About MEDNET Direct: MEDNET Direct is a leading provider of disposable medical supplies as well as quality puppy pads. For more information and to shop medical supplies wholesale, please visit MEDNET Direct.

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Thursday, June 18, 2009

Avoid these 5 Mistakes when Housebreaking your Puppy






puppy housebreaking tipsHousebreaking may not be the most fun part of being a dog owner, but the good news is you only have to do it once. Avoiding these five mistakes will help your puppy understand the rules quicker, giving you and your puppy more time for fun!

Five common mistakes to avoid are:
  • Waiting too long before taking the puppy out. Young puppies are unable to control their bladders in the first few weeks of their lives, and need to be taken outside or to their puppy pads frequently. Waiting too long to give your pup the opportunity to use the bathroom will likely lead to accidents in your home. Some important times for the puppy to visit the puppy pad or outside are after eating, after drinking water, first thing in the morning and at bedtime.


  • Missing the clues that the puppy needs to go. Getting in tune with your pup’s behavior and routine will help you predict when to take him out, making housebreaking easier on both of you. Take notice of the behaviors he exhibits just prior to eliminating, such as sniffing around or going to a certain corner, and take him immediately to his bathroom spot.


  • Scolding the puppy for accidents after the fact. Your pup will only understand what he has done wrong if you catch him in the act and make your disapproval clear. Simply saying "No!" in a firm tone while he is in the act will be enough to get your point across. Punishing him for an accident when you discover the evidence later will not help because he will not associate his actions with the problem. Positive reinforcement when he eliminates in the right place will get better results than punishment for unwanted behavior.


  • Slacking off on the praise for good behavior. The power of positive reinforcement cannot be overemphasized when training a puppy. Always, always praise your puppy when he has used the bathroom in the place you want him to, whether it be on puppy training pads or outside.


  • Being inconsistent. Your puppy will learn faster if he is accustomed to a regular routine and receives consistent messages from you. Consistency is extremely important in the early stages of puppy training so that the puppy does not receive mixed signals about what is expected.
If housebreaking seems difficult at first, do not be discouraged. Your puppy is eager to please, and just needs time to understand what it is that you want him to do. By avoiding these five puppy housebreaking mistakes, you can make housebreaking easier on both yourself and your four-legged best friend.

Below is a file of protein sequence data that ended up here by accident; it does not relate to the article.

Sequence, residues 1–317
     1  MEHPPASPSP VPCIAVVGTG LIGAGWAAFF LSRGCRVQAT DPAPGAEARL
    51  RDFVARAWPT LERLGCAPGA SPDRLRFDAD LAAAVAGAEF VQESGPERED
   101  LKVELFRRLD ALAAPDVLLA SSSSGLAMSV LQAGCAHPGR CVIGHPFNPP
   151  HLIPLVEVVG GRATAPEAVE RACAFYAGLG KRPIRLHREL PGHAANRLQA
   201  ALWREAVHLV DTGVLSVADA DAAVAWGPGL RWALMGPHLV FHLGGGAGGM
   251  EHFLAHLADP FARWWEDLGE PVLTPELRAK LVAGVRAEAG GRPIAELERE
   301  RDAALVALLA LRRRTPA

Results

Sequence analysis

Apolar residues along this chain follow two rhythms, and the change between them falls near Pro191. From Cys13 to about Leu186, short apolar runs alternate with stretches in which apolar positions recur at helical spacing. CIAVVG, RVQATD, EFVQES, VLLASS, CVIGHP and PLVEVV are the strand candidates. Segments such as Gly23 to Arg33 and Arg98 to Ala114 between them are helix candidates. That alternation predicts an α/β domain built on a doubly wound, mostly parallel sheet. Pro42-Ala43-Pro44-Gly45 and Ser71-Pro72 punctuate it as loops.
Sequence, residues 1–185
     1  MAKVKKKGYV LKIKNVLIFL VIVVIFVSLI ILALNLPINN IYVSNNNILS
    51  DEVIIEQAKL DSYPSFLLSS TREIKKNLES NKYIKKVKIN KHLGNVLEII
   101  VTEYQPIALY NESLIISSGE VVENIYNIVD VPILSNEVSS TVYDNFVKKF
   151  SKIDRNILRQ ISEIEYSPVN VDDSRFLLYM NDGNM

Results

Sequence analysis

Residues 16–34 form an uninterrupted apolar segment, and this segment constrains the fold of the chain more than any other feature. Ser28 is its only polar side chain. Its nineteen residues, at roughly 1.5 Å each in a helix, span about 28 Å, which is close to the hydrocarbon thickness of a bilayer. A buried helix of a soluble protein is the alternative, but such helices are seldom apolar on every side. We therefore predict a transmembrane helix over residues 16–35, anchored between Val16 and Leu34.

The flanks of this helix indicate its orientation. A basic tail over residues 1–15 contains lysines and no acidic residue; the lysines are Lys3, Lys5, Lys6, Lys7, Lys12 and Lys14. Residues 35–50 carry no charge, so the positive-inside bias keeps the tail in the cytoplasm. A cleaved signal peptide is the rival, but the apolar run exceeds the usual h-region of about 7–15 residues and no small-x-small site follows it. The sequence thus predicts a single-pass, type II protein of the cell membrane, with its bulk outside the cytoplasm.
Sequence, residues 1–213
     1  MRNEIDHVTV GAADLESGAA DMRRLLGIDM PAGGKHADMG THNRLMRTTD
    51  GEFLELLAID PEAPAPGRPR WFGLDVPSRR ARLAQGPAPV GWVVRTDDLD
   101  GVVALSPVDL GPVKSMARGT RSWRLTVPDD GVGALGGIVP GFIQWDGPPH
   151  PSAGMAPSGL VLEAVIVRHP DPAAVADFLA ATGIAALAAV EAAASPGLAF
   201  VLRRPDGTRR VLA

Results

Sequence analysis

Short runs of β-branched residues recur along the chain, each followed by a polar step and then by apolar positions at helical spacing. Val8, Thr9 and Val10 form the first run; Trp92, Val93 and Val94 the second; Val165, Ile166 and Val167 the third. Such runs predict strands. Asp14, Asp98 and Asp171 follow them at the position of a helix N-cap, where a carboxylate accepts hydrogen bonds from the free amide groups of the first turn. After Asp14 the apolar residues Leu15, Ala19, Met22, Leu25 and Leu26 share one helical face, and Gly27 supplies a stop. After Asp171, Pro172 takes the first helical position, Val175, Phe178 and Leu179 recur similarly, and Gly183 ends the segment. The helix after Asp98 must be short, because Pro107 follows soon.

About MEDNET Direct: MEDNET Direct is a leading supplier of disposable medical supplies for the medical and veterinary industries, including top quality puppy pads designed as a training aid for puppy housebreaking. With over 10 million puppy training pads sold, MEDNET Direct makes medical grade pads affordable for veterinary and home use.

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Tuesday, April 21, 2009

Using Puppy Pads to Housebreak your Puppy






Puppy Pad TrainingPracticing the right techniques for house training your puppy will make the process easier for both you and the puppy. Many dog owners train their puppies to use puppy pads from an early age to reinforce the behavior of eliminating in a specific place, and later teach them to apply the behavior outdoors. A puppy pad is an absorbent pad with a leak proof backing that can be used indoors to teach a puppy to eliminate in a designated spot rather than on the floor. Here are some tips to keep in mind when using puppy pads to housebreak your puppy:

Praise your puppy when he uses the pad. Your puppy is eager to please you, and positive reinforcement is the best way to teach him your expectations. When he eliminates on the puppy pad, reinforce the behavior with praise and affection. Petting and talking to the puppy in an affirmative tone will give him positive associations with using the puppy pad, which will encourage him to use it in the future.

Give your puppy the opportunity to use the bathroom often. Young puppies need to eliminate frequently. Your puppy will likely need to go after eating, drinking water and after awaking in the morning or from a nap. Placing your puppy on his puppy pad at the right times can help him understand what you expect him to do there. If you catch your puppy in the act of eliminating elsewhere in your home, say “no” and place him on the pad (dogs live in the moment, so scolding your puppy when you did not catch him in the act will not get your message across).

Get in tune with your pup’s potty routine. Does he sniff around before he goes? Does he go right after eating? If you can predict the times when he needs to eliminate, you can prevent accidents by taking him to his puppy pad to communicate what you want him to do. Keeping him on a regular feeding schedule and removing his water bowl at night will make his potty routine more predictable.

Be consistent. Particularly if your puppy is very young, he probably will not understand what you expect of him at first. Training your pup to use his puppy pad every time will take some patience, but sending a consistent message will help your puppy learn quickly.

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About MEDNET Direct: MEDNET Direct is a leading supplier of disposable medical supplies for the medical and veterinary industries, including top quality puppy wee pads designed as a training aid for puppy housebreaking. With over 10 million puppy training pads sold, MEDNET Direct makes medical grade pads affordable for veterinary and home use.